Category Archives: Gear Reviews

Who are you wearing — ultrarunning style

If you read my race report on Pinhoti 100, then you know that nothing crazy bad happened — even with the cold and incessant rain. Aside from stellar crew and pacers, my gear and clothing choices were a big reason why I stayed as dry as possible, had no real feet issues including blisters or trench feet, and suffered from ZERO chafing (seriously, 25+ hours in the rain and not one spot). I’ve had a lot of people ask me what I wore so here are the highlights:

First and foremost is the love of my life, my shout it from the roof top, completely obsessed with,  Altra Lone Peaks 2.5. Before I got these bad boys, after about 16-18 miles or so, my feet would hurt. There was no injury, no pinpointed cause of pain other than just time on feet and technical terrain. Knowing this couldn’t and wouldn’t fly for a 100 miler, I tried on a variety of shoes before slipping into the Lone Peaks. As soon as I put them on — Heaven (My feet are weird in that my heel is really narrow and toes splay out wide. The footshape toe box is a god-send for my toes.). The first time I took them for a spin – super technical trails in Chamonix. Then a 24 mile training run, then Stump Jump 50K — NO PAIN at all. I decided to buy a second pair to take to Pinhoti. In weeks leading up to the race, I even wore my first pair for any road runs I did. My newest pair was my go-to shoe on race day. I took them off once to change socks (thanks, rain and creek crossings) and was happy to put them right back on. They were great — no painful feet, and they held up great on the rocks and in the rain/mud. I saw multiple people fail to get traction on some of the steeper, muddier sections. I never had a problem at all. After Pinhoti, I’m a Lone Peak lifer.

Boring Stuff: 9.2 oz; moderate cushioning; footshape toe box with zero drop platform; 25 mm stack height (Apparently, Altra improved the durability of models past — not sure about other models, but I can definitely attest to the durability of the 2.5s)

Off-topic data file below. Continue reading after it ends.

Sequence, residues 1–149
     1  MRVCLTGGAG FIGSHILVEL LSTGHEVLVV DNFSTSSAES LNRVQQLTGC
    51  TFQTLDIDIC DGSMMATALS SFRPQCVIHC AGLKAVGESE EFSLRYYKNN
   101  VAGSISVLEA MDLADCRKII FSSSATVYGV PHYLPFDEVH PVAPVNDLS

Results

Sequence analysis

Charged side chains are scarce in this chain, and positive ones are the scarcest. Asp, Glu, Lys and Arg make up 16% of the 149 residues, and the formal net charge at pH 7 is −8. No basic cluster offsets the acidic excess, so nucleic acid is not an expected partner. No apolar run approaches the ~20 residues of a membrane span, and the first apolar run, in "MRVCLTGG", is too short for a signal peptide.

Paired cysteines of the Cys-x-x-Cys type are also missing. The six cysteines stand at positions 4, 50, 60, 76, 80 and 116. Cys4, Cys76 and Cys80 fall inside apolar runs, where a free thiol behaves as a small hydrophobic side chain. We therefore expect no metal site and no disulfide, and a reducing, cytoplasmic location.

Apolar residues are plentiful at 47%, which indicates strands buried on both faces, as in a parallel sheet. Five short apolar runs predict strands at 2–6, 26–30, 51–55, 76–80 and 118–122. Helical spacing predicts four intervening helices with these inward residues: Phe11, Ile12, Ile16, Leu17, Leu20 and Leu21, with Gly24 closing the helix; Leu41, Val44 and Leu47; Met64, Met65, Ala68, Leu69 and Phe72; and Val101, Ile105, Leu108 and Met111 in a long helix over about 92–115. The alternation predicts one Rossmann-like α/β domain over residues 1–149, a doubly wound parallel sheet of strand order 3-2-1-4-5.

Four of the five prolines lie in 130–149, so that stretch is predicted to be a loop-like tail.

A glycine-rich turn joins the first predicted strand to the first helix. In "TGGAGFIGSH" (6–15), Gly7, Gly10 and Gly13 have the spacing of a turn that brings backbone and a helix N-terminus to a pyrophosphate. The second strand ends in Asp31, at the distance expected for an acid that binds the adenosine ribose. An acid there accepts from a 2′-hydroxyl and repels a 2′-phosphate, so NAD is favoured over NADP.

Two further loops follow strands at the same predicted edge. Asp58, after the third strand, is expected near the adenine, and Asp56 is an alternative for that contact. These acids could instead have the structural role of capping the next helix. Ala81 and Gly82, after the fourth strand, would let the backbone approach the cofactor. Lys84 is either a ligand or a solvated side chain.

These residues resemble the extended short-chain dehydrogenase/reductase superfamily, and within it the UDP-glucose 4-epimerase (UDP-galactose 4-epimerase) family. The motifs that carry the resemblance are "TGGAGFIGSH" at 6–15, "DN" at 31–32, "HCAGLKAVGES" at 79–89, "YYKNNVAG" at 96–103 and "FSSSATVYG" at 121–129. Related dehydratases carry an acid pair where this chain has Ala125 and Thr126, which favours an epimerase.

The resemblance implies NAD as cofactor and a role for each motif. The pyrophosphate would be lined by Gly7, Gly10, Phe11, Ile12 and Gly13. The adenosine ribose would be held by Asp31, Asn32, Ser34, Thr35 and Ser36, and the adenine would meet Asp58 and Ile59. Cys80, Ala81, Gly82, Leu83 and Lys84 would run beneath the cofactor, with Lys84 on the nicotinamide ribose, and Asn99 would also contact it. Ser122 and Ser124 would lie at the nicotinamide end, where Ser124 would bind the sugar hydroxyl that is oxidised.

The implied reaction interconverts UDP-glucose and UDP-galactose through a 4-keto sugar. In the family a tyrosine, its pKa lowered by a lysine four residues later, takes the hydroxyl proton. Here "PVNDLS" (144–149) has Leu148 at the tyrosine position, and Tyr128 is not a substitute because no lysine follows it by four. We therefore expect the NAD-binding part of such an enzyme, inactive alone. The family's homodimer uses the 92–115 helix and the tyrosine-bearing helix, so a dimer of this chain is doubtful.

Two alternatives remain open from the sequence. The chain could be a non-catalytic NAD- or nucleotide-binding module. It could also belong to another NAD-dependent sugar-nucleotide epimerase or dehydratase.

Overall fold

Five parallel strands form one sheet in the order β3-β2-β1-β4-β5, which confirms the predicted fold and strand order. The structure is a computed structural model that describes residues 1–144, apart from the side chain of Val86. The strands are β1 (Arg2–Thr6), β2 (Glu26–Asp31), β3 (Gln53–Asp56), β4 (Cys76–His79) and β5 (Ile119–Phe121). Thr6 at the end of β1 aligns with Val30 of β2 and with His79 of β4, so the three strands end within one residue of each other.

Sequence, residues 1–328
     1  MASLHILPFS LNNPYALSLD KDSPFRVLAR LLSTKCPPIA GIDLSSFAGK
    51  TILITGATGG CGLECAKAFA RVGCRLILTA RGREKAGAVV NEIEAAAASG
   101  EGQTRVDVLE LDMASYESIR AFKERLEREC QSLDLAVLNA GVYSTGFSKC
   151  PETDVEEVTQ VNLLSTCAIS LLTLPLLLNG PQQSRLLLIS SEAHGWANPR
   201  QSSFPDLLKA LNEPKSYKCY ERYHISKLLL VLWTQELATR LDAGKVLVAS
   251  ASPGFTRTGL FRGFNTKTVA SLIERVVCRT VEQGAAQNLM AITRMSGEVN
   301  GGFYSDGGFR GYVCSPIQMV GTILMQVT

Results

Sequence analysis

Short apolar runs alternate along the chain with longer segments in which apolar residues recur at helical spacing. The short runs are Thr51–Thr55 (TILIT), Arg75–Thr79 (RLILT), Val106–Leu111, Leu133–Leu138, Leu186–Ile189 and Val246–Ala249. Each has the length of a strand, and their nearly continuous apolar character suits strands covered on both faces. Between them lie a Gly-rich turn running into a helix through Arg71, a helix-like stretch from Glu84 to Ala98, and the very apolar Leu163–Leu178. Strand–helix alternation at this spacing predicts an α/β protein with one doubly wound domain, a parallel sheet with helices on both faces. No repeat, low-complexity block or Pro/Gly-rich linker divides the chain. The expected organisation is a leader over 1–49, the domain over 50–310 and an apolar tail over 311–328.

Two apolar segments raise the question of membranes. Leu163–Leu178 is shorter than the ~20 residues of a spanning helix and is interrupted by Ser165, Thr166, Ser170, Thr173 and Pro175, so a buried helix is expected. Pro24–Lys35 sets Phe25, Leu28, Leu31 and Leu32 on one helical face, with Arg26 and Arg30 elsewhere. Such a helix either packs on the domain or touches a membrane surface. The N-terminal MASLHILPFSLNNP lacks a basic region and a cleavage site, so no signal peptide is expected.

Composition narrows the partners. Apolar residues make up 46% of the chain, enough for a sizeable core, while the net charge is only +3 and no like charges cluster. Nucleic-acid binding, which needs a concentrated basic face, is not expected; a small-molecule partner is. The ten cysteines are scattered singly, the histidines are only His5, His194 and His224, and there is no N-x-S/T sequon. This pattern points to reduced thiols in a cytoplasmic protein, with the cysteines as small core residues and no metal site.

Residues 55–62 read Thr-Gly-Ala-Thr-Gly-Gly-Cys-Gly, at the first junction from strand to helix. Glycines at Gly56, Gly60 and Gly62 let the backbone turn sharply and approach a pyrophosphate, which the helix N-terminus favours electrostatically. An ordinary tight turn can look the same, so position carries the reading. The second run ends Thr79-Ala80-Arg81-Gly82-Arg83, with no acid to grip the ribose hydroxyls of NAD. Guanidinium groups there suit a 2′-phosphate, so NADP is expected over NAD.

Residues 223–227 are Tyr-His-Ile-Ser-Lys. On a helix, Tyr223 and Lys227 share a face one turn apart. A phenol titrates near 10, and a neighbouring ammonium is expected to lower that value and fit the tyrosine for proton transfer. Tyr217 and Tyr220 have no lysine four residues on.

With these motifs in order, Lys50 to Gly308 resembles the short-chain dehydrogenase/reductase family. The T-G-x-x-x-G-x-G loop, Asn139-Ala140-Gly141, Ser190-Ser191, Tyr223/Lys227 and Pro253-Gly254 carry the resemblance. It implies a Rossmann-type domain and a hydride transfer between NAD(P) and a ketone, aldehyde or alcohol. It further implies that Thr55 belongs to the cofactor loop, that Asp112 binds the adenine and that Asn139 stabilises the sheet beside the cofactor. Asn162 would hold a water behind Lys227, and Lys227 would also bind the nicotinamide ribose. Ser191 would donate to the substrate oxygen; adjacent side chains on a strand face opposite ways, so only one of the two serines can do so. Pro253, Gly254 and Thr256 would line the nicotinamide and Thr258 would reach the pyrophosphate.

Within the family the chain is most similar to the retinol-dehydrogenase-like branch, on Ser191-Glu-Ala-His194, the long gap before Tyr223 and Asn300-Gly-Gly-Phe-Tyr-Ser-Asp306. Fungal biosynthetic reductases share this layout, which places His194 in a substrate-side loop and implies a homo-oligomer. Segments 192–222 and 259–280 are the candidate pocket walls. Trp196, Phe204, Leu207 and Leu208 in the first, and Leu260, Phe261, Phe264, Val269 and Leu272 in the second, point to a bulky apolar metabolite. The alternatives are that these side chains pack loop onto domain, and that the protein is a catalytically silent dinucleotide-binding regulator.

lone peak

Speaking of wet feet, like I said, I had no real issues. Only a small blister that formed on my big toe around mile 82. Pain went away around mile 83. With all of the water, it could have been a recipe for foot disaster. Honestly, I was shocked. Why was I so lucky? Besides drinking a lot and making sure not to get dehydrated, I slathered my feet in Skin Strong Slather at the start of the race and again when I changed socks at mile 65 (well, Ryne slathered them for me). I also used it everywhere there was a potential to chafe. Stuff worked great. It stayed on so nicely that I think I would’ve been fine if I hadn’t reapplied at mile 65 (But better safe than sorry. Plus, Ryne gets to relive that nightmare for the rest of his life). Along with the Skin Strong, I wore Swiftwick wool socks (1″ to start, 12″ starting at mile 65). My feet were wet by about mile 3. The wool wicked the moisture great and left my feet in great condition. I love these socks and have never raced in anything but — including the super wet Stump Jump, which also proved blister-free.

Boring Stuff:

Skin Slather: super long lasting; no gross smell — made with tea tree oil; made for triathletes who are the pickiest folks in the world so it’s gotta be good

slather-jar-white-276x300

Swiftwick Pursuit socks: Merino wool toe and heel — for padding and wicking;  arch support; full-cushioned footbed; no toe seams; half density weave for no “bunch” movement

Finally, my Ultimate Direction Ultra jacket — I haven’t been this excited about a purchase since my horse cardigan in 2011. This jacket kept me about as dry as I could be in those race day conditions. If I had changed my base layer properly, I wouldn’t have had a problem at all. I wore this jacket from mile 30-90. The hood and bill were great for keeping the never-ending rain out of my eyes. It was light enough to carry in my pack before needing to put it on. The flip mitts on the sleeves were amazing — I have huge problems with freezing hands, and these served great with and without additional gloves. Plus, it’s just freaking pretty. Just a solid, solid jacket. (Before I wore it at Pinhoti, I got in the shower with it on to see if it’s really waterproof. Success).